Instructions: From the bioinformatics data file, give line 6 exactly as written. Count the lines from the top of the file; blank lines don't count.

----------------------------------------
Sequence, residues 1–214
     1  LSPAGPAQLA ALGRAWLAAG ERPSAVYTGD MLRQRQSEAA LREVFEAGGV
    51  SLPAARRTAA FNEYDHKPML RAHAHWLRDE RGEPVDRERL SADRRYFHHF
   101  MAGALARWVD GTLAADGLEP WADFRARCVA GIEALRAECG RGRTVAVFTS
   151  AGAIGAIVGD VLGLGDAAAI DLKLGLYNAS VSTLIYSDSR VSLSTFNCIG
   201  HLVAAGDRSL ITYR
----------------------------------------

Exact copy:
   201  HLVAAGDRSL ITYR